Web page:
Recently, I read an article by Thom Schultz called “The Rise of the Dones”.  The article  does an amazing job of describing one of the groups of people that LK10 is called to serve.

Who are the Dones?

This term, coined by sociologist, Josh Parker, describes a growing group of people who have for years been “among the most dedicated and active people in their congregations”.    But, these folks have reached a tipping point of frustration and exhaustion where they are now saying.  “I’m done.  I’m done with church.”  

Why are they done?

Screen Shot 2014-12-16 at 9.48.19 AMPackard explains it this way, “After sitting through countless sermons and Bible studies, they feel they’ve heard it all.   “I’m tired of being lectured to. I’m just done with having some guy tell me what to do”…The Dones are fatigued with the Sunday routine of plop, pray and pay. They want to play. They want to participate. But they feel spurned at every turn.”

“They are leaving the church to preserve their faith.”

Reggie McNeal, in The Present Future, says something similar.  “A growing number of people are leaving the institutional church for a new reason.  They are not leaving because they have lost faith.  They are leaving the church to preserve their faith.  They contend that the church no longer contributes to their spiritual development.  In fact, they say, quite the opposite is true.  The number of “post-congregational” Christians is growing.  David Barrett, author of the World Christian Encyclopedia, estimates that there are 112 million “churchless Christians” world wide, about 5 percent of all adherents, but he projects that number will double in the next twenty years!”  p. 5.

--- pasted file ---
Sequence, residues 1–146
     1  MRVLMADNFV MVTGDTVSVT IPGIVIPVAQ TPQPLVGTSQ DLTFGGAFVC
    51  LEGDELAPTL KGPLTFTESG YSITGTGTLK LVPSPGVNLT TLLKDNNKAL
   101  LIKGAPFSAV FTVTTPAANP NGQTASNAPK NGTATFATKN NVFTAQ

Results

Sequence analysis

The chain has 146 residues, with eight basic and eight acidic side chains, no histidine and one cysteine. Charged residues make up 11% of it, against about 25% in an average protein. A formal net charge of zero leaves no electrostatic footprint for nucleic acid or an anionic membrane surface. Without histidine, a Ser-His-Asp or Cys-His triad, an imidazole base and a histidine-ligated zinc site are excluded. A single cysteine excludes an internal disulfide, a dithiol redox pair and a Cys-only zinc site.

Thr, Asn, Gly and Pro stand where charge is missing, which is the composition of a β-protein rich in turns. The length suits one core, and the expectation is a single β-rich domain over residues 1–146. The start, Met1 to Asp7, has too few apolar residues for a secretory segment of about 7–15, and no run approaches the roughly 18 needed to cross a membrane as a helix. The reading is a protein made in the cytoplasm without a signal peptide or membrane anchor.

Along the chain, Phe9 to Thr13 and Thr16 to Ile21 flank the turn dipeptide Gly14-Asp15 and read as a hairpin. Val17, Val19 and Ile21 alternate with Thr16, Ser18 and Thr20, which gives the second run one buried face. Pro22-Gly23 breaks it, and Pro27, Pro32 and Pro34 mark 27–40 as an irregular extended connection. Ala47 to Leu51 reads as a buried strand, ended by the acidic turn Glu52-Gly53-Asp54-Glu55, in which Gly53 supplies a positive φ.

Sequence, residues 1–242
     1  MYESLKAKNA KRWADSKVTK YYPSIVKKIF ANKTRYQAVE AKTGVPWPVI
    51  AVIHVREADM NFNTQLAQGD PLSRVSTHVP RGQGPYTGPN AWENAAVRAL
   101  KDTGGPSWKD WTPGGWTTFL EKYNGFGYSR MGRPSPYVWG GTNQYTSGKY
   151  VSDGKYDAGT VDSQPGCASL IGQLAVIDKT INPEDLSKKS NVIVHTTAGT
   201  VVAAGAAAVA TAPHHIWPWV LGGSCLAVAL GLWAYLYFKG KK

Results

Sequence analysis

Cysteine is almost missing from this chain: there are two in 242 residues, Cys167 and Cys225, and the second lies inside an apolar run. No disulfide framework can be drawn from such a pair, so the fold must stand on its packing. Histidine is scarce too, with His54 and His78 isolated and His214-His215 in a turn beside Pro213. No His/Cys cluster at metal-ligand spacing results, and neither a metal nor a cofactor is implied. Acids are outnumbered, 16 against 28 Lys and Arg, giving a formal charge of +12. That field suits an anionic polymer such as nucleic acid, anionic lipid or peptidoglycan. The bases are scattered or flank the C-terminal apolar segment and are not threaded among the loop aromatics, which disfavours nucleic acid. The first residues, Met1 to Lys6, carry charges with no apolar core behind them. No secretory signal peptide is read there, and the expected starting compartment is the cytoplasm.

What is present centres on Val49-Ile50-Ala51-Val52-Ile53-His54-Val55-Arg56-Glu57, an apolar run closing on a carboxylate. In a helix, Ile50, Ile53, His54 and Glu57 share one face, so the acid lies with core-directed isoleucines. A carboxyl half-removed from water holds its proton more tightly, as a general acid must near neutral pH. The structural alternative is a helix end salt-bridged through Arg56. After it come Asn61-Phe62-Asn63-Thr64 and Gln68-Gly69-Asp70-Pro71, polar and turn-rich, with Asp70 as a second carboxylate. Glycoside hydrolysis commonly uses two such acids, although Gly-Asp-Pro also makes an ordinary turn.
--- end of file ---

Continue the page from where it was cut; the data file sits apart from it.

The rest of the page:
What does the LK10 Community have to do with the Dones? 


These are some of the very people LK10 is called to serve.  We hear their stories over and over.  Here’s just one recent email from a lady in Canada:  

About 8 years ago, God just made it very clear to my husband and myself that we were to reach out to our community via home gatherings for there were so many people that would not consider going to a church building.  We went to our pastor and deacons to share with them the direction God seemed to be  leading us in and to see if we could work together in this venture.  They would have nothing of it so we quietly finished all our obligations at the church…..we were youth workers, Sunday School teachers and Superintendent, deacon……and slowly faded away for we did not want to cause any harm.  Funny thing….we thought this was a whole new idea God had given to us and we found out that instead of being the head, we were the tail for God was drawing people in this direction and had been for years!!!!